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NC3 Chalk Talk: Simple, radical, and beautiful

NC3 Chalk Talk has been hitting the streets this fall!  Network organizer Cassandra writes about the Chalk Talk campaign and the impact it’s having in our community: “NC3 College Chalk Talk is a radical yet simple idea of writing positive and informational messages about education on the sidewalks of urban Louisville. We want to get the word out to communities about the importance of education

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NC3 Chalk Talk is here!

The streets are talking about education!   The Network is hitting the streets armed with chalk and writing positive messages on the sidewalks, turning hangout spots into helpful and informative spots.  Our first CHALK TALK campaign is entitled COLLEGE CHALK TALK.  We are encouraging Network members, community partners, parents and students to “chalk up” sidewalks, bus stops, and other well walked-in and played-in areas. 

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Thank you for your support at the 1st Annual Chill 4 Change!

NC3′s first Chill 4 Change showed Louisville that the Network is doing good work–and knows how to have a good time!  This old-school block party at the Quonset Hut was truly a fundraiser with a Network vibe.  We had nearly 300 people in the space to support NC3 in building a Network of over 4,800 members creating change in Louisville’s urban neighborhoods. A huge

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Network Partnership: Worker’s Rights Board Hearing

 At the end of 2011, the Network came together with Kentucky Equal Justice Center and Kentucky Jobs with Justice to organize a hearing around the issue of wage theft.  Bree Pearsall with the Kentucky Equal Justice Center writes about wage theft and its effects on workers and the impact of the hearing:   On Tuesday November 29th, The Network Center for Community Change along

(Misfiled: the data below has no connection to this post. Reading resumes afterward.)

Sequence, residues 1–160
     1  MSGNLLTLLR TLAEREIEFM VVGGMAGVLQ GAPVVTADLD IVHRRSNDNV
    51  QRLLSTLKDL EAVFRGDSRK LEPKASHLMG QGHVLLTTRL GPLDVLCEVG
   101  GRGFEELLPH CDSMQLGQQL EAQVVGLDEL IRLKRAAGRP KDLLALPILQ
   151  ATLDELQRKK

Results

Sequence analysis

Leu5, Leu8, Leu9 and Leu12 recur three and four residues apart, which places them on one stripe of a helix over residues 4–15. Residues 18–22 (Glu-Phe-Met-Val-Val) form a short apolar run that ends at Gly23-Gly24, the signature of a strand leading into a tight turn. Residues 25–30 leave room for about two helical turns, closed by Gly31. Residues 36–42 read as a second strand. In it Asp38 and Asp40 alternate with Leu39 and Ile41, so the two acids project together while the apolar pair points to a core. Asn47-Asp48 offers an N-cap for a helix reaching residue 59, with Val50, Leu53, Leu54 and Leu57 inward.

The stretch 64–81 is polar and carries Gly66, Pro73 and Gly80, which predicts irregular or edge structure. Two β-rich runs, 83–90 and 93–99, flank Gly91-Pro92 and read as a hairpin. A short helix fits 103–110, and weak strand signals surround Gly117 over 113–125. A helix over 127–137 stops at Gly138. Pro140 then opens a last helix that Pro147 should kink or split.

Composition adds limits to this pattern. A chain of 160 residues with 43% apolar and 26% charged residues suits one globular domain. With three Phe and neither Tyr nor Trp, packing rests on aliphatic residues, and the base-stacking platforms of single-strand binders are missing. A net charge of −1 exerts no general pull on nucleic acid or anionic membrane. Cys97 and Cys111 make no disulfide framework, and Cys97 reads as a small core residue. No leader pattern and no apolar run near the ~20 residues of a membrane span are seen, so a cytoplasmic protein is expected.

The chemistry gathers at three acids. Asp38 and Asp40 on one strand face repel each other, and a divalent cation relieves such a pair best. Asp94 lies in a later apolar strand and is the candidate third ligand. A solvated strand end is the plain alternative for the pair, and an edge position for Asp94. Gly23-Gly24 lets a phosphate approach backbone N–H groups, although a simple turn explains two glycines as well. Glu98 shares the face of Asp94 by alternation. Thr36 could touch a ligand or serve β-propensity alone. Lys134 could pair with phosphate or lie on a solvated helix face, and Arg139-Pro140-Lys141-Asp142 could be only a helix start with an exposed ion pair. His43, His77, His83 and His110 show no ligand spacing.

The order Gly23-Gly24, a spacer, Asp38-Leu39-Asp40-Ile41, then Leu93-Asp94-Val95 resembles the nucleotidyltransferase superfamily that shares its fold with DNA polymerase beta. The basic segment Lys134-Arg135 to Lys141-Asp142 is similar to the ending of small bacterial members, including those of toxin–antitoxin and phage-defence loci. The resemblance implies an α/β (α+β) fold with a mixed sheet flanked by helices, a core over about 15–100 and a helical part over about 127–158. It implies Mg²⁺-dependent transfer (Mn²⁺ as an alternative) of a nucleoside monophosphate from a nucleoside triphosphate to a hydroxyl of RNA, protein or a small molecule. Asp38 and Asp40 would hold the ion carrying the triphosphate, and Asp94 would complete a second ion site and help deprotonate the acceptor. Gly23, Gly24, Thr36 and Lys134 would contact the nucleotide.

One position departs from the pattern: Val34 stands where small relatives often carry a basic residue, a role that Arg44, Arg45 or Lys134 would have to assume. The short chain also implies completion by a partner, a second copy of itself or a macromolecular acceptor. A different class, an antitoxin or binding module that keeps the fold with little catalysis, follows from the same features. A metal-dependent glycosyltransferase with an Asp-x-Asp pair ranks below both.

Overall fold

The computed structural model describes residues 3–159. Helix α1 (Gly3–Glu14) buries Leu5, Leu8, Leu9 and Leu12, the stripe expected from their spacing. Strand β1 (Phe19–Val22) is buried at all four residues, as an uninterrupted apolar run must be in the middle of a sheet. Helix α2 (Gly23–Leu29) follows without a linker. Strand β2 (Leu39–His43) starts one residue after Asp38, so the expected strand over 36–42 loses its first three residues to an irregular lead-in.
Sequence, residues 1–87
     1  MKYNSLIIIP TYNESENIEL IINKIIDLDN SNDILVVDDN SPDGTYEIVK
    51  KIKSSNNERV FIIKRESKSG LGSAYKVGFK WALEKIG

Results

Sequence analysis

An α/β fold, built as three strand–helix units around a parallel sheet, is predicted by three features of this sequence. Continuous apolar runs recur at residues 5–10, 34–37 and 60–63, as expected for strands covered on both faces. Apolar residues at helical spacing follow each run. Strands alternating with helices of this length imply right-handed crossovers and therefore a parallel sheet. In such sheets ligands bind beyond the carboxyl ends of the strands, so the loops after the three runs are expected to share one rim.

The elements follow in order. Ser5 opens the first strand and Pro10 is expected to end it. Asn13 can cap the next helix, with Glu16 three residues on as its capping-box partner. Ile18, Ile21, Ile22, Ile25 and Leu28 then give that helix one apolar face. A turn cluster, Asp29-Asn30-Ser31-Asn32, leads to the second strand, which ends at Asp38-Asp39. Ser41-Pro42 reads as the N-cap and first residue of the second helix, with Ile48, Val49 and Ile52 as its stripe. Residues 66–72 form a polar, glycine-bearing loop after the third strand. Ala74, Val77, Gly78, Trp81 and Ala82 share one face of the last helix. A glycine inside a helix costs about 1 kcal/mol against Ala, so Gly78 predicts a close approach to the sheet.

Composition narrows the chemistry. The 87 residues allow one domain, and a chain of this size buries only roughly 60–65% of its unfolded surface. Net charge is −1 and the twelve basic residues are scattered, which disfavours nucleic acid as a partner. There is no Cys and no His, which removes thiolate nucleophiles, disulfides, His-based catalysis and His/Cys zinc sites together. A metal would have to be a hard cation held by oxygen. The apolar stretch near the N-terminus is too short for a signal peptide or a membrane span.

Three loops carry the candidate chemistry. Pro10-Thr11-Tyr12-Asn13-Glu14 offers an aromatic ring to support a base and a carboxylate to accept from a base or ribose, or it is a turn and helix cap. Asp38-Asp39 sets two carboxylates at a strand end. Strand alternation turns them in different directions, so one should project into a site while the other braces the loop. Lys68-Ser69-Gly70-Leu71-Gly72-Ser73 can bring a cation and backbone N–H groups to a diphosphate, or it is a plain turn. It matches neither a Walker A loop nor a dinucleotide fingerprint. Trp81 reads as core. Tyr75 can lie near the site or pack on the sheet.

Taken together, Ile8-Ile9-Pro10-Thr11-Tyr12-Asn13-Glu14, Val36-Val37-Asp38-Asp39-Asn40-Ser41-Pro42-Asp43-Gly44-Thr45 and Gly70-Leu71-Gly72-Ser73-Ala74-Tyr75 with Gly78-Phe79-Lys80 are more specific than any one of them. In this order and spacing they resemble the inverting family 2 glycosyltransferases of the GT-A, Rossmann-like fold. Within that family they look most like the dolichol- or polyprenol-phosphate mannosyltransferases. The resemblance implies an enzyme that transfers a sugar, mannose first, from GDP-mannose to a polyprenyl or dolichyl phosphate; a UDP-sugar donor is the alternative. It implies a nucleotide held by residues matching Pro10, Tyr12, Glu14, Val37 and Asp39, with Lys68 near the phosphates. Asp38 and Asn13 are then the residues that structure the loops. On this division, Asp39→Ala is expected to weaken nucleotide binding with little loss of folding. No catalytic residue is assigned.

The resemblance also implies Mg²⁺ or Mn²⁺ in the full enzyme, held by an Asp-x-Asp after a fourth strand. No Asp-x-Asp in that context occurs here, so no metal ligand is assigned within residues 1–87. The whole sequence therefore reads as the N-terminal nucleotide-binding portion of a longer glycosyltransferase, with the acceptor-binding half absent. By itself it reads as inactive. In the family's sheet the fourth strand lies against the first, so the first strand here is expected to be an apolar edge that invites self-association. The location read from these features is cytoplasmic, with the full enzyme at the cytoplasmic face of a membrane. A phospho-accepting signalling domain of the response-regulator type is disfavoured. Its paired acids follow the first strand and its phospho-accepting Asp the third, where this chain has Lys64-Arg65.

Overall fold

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Network Presence: November 19-December 2, 2011

We didn’t post last week due to the Thanksgiving holiday, so this post covers a couple weeks of the Network’s presence.  Many of our events, meetings, and learning opportunities centered around strengthening our relationships with partner organizations.  They always keep the Network moving and provide great connections for Network members! Stomped the Shawnee neighborhood for the Tract 7 Community Mapping Campaign review Attended the

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Network Presence: October 1-7, 2011

The Network’s connections this week ranged from facilitating large conversations to having one-on-one conversations with neighborhood residents.  Some events were big, while others were small and informal; we led from the front of the room and from the back of the room. Here’s a list of some of the connections we made this week: Facilitated a conversation about community building with young people at

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Network Member Initiatives: Alley Cleanups

The Network is about strengthening neighborhoods and communities, and we do that from the ground up by supporting resident-led initiatives. Gwen Kelly and Frankie Bibb, Sr, Network members in the California neighborhood, organized alley cleanups during the month of September. The Network supported them by publicizing the events and showing up to help clean. Gwen says that it was a simple but powerful community-building

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Hot Dogs and Vacant Properties Grill

The Network has held conversations with residents in our community as a part of the People’s Campaign.  Neighbors gathered together, and we asked what they liked about their neighborhood and what they wanted to change about their neighborhood.  Network members across the community expressed concerns about vacant and abandoned properties. One member, Jessica Kelly, is particularly concerned about vacant properties because there is a

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Network Presence: September 24-30, 2011

The Network connects people to people, people to organizations, and people to senior-level decision-makers.  What do we mean when we say that?  What does that look like? A quick glance at some of our activities this week may give you an idea of the connections the Network makes and the Network’s presence.  We engaged with members, students, community organizations, elected officials, and more! Spent

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